VW Delaying ID.2 Production Until 2026 Because Of Relaxed Euro 7 Rules, Report Claims

Remember how the threat of strict incoming Euro 7 regulations forced VW to kill off the Golf GTI’s manual transmission option, only for the regulations themselves to be dropped? Now those draconian Euro 7 tailpipe rules have claimed another scalp, though this time it’s because they’re NOT happening.

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Germany’s Auto Motor und Sport reports that VW has pushed back the start of volume production of its €25k ($27k) ID.2 electric hatch from 2025 to 2026 because the now watered-down Euro 7 regs allow carmakers, including VW, to continue making and selling small combustion-engined cars longer than previously expected.

The EU bowed to pressure from multiple carmaking nations and toned down the planned Euro 7 regulations late last year to the point that the new car tailpipe emissions standard is effectively identical to the old Euro 6 one. There was some clean-air progress though, in the form of tighter regulations for bus and commercial truck exhaust pollutants, as well as brake and tire particle standards for passenger cars.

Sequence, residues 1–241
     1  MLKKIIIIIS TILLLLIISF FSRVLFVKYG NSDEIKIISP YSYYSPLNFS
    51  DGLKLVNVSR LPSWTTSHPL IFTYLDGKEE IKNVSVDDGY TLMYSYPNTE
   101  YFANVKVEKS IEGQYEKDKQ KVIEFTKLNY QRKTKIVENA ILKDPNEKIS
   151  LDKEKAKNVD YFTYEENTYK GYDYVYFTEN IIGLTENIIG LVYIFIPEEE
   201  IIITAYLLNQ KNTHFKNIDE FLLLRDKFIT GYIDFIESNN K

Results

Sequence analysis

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Related: VW’s Design Boss Confirms ID. GTI Coming In 2026

 VW Delaying ID.2 Production Until 2026 Because Of Relaxed Euro 7 Rules, Report Claims

Production ID.2 is expected to look very similar to this 2023 ID.2all concept

AMS says VW is still planning to reveal the production version of 2023’s ID.2all concept in 2025 and will begin small-scale production that same year. But full-scale production won’t now happen until 2026, a timeframe that would put the ID.2 behind other incoming affordable EVs, including the Citroen e-C3 and Chinese rivals that are beginning to infiltrate the continent.

VW boss Thomas Schaefer also told the magazine that the company would now only plan to build 80 percent of a new vehicle’s maximum expected sales volume to prevent unsold cars from piling up if demand collapsed. VW was recently forced to temporarily pause production of its EVs due to slowing demand in Europe. Schaefer explained that extra shifts would be added to crank out additional units should any new car prove a hit with customers.

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Source: AMS (via Auto News)

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